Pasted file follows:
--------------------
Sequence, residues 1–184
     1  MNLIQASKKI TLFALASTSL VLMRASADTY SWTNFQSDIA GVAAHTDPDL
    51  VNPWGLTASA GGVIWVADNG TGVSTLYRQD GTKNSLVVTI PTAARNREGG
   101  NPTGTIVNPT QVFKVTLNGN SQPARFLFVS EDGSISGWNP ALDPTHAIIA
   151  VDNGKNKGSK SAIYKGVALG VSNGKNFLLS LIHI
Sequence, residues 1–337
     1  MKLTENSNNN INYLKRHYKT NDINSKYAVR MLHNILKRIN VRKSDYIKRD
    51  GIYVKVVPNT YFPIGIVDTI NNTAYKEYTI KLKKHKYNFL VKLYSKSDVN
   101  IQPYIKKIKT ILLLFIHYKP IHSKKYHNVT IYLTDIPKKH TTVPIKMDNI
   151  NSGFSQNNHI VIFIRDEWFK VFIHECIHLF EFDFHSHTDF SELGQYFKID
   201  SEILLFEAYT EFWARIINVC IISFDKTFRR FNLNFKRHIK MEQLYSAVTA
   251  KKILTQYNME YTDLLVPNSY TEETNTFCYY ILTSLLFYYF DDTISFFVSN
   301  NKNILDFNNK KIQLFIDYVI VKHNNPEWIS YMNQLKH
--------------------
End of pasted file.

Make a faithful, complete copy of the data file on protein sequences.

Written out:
Sequence, residues 1–184
     1  MNLIQASKKI TLFALASTSL VLMRASADTY SWTNFQSDIA GVAAHTDPDL
    51  VNPWGLTASA GGVIWVADNG TGVSTLYRQD GTKNSLVVTI PTAARNREGG
   101  NPTGTIVNPT QVFKVTLNGN SQPARFLFVS EDGSISGWNP ALDPTHAIIA
   151  VDNGKNKGSK SAIYKGVALG VSNGKNFLLS LIHI
Sequence, residues 1–337
     1  MKLTENSNNN INYLKRHYKT NDINSKYAVR MLHNILKRIN VRKSDYIKRD
    51  GIYVKVVPNT YFPIGIVDTI NNTAYKEYTI KLKKHKYNFL VKLYSKSDVN
   101  IQPYIKKIKT ILLLFIHYKP IHSKKYHNVT IYLTDIPKKH TTVPIKMDNI
   151  NSGFSQNNHI VIFIRDEWFK VFIHECIHLF EFDFHSHTDF SELGQYFKID
   201  SEILLFEAYT EFWARIINVC IISFDKTFRR FNLNFKRHIK MEQLYSAVTA
   251  KKILTQYNME YTDLLVPNSY TEETNTFCYY ILTSLLFYYF DDTISFFVSN
   301  NKNILDFNNK KIQLFIDYVI VKHNNPEWIS YMNQLKH